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Out of the Pipeline

Sodium oxybate: A new way to treat narcolepsy

A legally manufactured drug with an illegal form has been shown to reduce cataplexy episodes by improving nighttime sleep.

Vol. 2, No. 8 / August 2003

Existing drug treatments for narcolepsy enhance daytime alertness, and most improve cataplexy, sleep paralysis, and hypnagogic/hypnopompic hallucinations. None of these agents, however, target the nocturnal sleep deficits that lead to daytime symptoms.

Sodium oxybate, one of the most controversial medications to receive FDA approval in recent years (Table 1), has been found to reduce daytime sleepiness and cataplexy by improving nighttime sleep in patients with narcolepsy.


Sodium oxybate is also known as gamma-hydroxybutyrate (GHB). An illegal form of GHB—the so-called “date rape drug”—is produced and used illicitly, typically at parties and nightclubs. Some users hide the fast-acting, sedating drug in a cocktail, rendering victims unable to defend against an assault or to recall details leading to the assault.1

Some athletes believe GHB enhances on-field performance by increasing production of growth hormone. Enhanced growth hormone release has no known clinical significance or effect on athletic performance, however.

Table 1

Sodium oxybate: Fast facts

Drug brand name: Xyrem

Class: CNS depressant

FDA-approved indications: Treatment of cataplexy

Approval date: July 17, 2002

Manufacturer: Orphan Medical

Dosing forms: 180 mL oral solution at a concentration of 0.5 grams/mL

Recommended dosage: Start at 2.25 grams at bedtime; repeat dose overnight (4.5 grams/d total). Dosage can be increased to 9 grams/d (4.5 grams per dose) by increments of 0.75 grams per dose every 2 weeks. A dropper is supplied to facilitate measurement.

The U.S. Drug Enforcement Agency (DEA) considers GHB a Schedule 1 (illegal) drug. DEA considers the prescription version a Schedule 3 drug, meaning it can be prescribed with refills as long as a DEA number is listed on the prescription. To prevent misuse, a central pharmacy dispenses sodium oxybate and mandates use of a specific prescription form to verify the physician’s familiarity with the medication. Psychiatrists can call (866) 997-3688 to obtain the form.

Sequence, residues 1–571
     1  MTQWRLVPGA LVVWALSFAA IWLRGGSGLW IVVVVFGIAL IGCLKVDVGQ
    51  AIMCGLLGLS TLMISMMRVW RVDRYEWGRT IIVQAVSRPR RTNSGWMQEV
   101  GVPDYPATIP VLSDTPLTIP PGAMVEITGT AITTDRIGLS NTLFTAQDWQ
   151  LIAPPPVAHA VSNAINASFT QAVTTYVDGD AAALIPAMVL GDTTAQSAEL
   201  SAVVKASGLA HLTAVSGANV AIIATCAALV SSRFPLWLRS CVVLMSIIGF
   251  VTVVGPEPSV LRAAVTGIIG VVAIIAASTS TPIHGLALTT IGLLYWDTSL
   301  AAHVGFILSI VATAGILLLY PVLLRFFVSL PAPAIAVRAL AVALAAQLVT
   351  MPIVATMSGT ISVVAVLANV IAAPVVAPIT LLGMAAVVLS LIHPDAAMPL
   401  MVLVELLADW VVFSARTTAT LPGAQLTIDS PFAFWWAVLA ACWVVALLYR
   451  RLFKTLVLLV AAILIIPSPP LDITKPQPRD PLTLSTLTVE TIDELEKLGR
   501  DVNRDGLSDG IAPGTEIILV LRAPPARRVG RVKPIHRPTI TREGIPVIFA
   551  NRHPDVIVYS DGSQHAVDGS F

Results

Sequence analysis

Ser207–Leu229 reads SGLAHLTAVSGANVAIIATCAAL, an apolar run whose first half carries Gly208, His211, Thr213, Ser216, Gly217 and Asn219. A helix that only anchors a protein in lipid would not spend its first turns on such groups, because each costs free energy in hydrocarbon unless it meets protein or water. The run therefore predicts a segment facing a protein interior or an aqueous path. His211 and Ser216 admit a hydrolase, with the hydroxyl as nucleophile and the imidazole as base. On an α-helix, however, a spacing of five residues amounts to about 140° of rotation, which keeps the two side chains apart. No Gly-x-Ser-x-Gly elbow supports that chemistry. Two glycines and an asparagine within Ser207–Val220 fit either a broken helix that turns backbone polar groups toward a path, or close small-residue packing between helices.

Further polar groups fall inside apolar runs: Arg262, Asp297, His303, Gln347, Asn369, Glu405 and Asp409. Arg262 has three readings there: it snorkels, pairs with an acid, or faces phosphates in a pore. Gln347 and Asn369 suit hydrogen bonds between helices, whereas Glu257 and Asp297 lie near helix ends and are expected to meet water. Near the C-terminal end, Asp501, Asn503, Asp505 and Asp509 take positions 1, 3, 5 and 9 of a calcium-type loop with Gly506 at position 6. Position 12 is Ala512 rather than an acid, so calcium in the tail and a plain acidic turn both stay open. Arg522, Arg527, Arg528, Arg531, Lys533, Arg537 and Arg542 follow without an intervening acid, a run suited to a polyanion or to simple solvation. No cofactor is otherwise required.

Table 2

Sodium oxybate dosing recommendations for patients

  • Dilute each dose with 60 mL (1/4 cup) of water
  • Prepare two doses at bedtime and place in child-resistant cups
  • Take one dose in bed immediately before going to sleep
  • Repeat the dose 2.5 to 4 hours later; set an alarm if necessary
  • Take the medication several hours after a meal; do not take with food

Sodium oxybate is the only agent FDA-approved for treating cataplexy—muscle weakness common among patients with narcolepsy.


Developed as an anesthetic, sodium oxybate induces deep sleep and at higher doses causes amnesia.

Derived from gamma-aminobutyric acid (GABA), sodium oxybate’s mechanism of action is unknown. Some believe it binds to the GABA B receptor and partially inhibits the NMDA and AMPA receptor-mediated excitatory neurons in the hippocampus.2

Food alters its bioavailability, so sodium oxybate should be taken several hours after meals to prevent delays in absorption and effect. Patients taking it should not eat at bedtime.

The agent’s pharmacokinetics are nonlinear, meaning that if the dose is doubled, the medication effect is tripled or quadrupled. For this reason, dosage increases must be small (no more than 0.75 grams for each dose) and gradual (at intervals of at least 2 weeks). The medication reaches peak plasma concentration within 30 to 75 minutes, so patients should not take the medication until they are in bed. Its 1-hour half-life explains its brief duration of action and need for repeat dosing overnight (Table 2).

Sodium oxybate does not modify the activity of any cytochrome P-450 enzymes. The medication is high in sodium (0.5 grams in a 3-gram dose) and has a salty taste. Use caution when considering the agent for patients with hypertension or on low-sodium diets.